A very kind and hospitable family lives there, they mentioned that six to seven years back it was completely abandoned. These beautiful homes are property of the state and generally allotted to families of government officers. We spent a part of day with the family, had tea with them, saw the space where Sher Gil painted, saw the view from her studio window… the spaces in the home have been changed to an extent, the wall colors… and wallpapers …what are pleasing to the resident family…
As it has been mentioned in the few articles that have been written, the street lives Amrita Sher Gill, so does Lahore, it was her home, is her home, her ashes were cremated near the river ravi in Lahore yet there is no one to remember it.
Her masterpiece ‘ the veena player’ hangs in the Lahore museum yet this ‘tug of war’ of her hungarian/sikh//Indian, Pakistani identity is probably why no effort has been made to retain or share that memory. Sher Gil chose Lahore as her home and final abode; it was a time when writers, artists, poets all resided in the same vicinity.
Idea for Manifesta project:
The word I’ve chosen is ‘Amrita’, after the name of late legendary artist Amrita Sher Gil (1913-1941) . She lived in Lahore before her death and made many paintings in her home at Ganga Ram street Lahore, which withholds 12 colonial homes, six on each side of a closed, cozy and sublime street. Amrita Sher Gil’s abode in Lahore does not have any representation of the heritage and value attached to it. A family resides in the first floor and the ground floor is a regular legal office.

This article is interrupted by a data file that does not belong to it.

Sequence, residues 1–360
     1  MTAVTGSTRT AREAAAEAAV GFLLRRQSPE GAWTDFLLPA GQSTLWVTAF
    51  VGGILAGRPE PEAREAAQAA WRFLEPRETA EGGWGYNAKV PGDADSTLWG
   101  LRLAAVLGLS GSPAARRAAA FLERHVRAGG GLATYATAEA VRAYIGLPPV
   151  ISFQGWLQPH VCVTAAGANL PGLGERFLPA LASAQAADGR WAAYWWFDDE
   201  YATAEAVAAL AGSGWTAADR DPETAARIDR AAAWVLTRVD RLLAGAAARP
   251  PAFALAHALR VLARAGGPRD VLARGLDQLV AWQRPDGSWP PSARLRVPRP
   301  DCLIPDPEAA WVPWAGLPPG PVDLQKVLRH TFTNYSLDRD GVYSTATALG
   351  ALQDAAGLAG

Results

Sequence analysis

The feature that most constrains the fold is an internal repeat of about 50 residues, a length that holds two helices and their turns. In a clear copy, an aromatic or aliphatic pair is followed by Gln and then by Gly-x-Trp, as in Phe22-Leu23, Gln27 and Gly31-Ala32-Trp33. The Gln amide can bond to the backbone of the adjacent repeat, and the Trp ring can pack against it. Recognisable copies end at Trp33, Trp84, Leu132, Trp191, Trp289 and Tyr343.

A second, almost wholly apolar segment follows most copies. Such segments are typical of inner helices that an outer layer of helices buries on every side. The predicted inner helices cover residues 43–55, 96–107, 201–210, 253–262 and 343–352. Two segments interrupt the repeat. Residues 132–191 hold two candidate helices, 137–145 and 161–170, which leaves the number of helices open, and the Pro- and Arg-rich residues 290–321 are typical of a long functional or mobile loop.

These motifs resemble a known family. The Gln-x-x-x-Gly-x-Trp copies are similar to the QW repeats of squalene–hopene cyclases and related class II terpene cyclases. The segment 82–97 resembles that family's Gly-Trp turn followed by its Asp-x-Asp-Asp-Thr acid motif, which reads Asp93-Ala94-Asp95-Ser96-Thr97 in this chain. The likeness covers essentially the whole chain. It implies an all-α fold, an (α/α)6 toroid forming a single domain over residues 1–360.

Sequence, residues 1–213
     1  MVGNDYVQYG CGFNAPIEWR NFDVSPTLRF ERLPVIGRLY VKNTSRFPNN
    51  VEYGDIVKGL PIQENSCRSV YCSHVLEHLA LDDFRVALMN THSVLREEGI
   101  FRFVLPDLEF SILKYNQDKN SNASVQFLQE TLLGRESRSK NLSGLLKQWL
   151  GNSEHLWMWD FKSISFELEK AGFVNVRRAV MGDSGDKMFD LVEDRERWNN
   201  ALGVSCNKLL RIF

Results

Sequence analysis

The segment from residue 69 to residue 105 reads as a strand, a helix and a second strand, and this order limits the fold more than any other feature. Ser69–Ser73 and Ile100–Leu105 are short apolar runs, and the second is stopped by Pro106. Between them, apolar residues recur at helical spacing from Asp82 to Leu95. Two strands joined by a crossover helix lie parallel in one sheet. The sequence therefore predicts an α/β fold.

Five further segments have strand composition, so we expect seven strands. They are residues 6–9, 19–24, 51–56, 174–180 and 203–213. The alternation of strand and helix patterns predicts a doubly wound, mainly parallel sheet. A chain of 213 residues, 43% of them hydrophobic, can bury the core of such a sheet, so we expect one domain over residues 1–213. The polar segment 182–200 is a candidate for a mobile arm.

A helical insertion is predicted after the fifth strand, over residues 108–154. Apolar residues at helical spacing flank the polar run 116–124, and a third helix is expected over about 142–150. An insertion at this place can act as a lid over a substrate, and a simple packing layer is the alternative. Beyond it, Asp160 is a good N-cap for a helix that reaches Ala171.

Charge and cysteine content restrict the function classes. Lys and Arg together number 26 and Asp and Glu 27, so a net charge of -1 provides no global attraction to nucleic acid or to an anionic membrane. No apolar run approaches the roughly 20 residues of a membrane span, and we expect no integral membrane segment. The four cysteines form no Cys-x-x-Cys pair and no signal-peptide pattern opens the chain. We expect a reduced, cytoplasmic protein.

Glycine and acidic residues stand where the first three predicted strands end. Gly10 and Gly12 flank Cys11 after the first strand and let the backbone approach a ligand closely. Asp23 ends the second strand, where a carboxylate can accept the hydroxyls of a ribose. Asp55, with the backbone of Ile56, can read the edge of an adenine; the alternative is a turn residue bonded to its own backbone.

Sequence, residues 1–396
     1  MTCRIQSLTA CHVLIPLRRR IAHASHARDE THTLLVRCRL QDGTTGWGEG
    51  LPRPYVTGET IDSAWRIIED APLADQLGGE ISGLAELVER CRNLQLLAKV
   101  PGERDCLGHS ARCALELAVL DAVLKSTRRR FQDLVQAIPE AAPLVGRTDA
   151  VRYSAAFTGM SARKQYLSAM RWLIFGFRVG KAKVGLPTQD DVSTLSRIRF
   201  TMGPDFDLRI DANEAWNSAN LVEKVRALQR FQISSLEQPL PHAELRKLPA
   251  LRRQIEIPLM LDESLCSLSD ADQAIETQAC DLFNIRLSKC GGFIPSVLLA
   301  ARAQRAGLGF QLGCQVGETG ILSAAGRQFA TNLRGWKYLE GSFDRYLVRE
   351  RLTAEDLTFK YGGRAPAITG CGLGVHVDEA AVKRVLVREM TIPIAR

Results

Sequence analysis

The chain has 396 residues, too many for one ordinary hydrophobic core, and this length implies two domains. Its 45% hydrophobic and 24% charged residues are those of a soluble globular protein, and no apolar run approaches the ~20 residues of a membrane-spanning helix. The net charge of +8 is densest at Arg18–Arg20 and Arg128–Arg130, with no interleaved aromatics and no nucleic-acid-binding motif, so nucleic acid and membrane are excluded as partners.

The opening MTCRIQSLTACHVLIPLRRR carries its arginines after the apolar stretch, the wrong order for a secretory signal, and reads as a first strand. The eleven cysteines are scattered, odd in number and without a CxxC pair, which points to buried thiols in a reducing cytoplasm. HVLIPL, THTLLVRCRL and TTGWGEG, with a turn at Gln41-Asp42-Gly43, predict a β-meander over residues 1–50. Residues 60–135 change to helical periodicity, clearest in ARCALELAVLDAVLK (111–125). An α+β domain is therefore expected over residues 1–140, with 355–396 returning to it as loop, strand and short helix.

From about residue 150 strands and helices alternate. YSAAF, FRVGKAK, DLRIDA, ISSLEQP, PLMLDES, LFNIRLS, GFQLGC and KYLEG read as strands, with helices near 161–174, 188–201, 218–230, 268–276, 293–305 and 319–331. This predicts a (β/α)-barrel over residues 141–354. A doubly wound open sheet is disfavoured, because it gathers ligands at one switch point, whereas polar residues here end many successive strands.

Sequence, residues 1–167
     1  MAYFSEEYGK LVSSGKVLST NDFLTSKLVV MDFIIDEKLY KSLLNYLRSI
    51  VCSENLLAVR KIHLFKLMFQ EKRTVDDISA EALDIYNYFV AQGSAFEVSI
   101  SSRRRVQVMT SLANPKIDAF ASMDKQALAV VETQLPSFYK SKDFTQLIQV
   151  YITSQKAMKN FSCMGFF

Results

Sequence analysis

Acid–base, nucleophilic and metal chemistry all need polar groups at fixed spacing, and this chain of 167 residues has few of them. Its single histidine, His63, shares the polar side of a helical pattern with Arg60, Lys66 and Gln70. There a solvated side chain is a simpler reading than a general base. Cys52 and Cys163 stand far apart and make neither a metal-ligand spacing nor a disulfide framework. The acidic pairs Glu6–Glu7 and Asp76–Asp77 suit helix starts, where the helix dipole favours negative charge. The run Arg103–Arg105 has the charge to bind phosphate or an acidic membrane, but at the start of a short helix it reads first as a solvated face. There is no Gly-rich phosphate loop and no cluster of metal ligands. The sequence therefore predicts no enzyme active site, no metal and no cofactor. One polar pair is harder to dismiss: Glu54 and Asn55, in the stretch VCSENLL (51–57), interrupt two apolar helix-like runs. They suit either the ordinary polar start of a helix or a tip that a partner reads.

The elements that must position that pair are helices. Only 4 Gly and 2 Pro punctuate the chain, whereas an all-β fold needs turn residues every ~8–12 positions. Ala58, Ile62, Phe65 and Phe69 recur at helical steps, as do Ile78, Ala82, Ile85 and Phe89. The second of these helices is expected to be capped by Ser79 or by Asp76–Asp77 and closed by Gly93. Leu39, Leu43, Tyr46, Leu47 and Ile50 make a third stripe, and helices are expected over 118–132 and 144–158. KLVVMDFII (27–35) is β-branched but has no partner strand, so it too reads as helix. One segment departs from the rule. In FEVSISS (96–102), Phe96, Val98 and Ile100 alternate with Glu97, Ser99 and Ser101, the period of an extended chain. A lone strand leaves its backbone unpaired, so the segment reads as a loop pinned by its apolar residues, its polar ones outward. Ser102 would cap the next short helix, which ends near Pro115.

Her mother was Hungarian, her father Sikh, Indian; she lived in Lahore (India then, Pakistan since 1947) so India and Pakistan both own her. Amrita owned Lahore but Lahore is a bit unfair by having no memory of her outside her home. Another reason for choosing the word Amrita is that it means ‘immortality’ yet it is a paradox because it’s a Sanskrit word and name which is not heard or read in the cultural fabric now in Lahore, Pakistan. I chose to write the word in Urdu on the flag as Urdu is the national language (mother tongue) of Pakistan. The location/place I chose for the performance is her home, house no 23 Ganga Ram street Lahore. The word Amrita in this context links to India, France and Hungary but I will chose France as the other chosen place on the planet as her training there made her the modernist legend, artist and bridge between the east and west. Her training in Grand Chaumiere and later at Ecole des Beaux in Paris and influences and learning from masterpieces of Western art by Paul Cezanne, Gauguin, Modigliani and Vincent Van Gogh gave birth to a visual vocabulary which was truly her own, truly Amrita.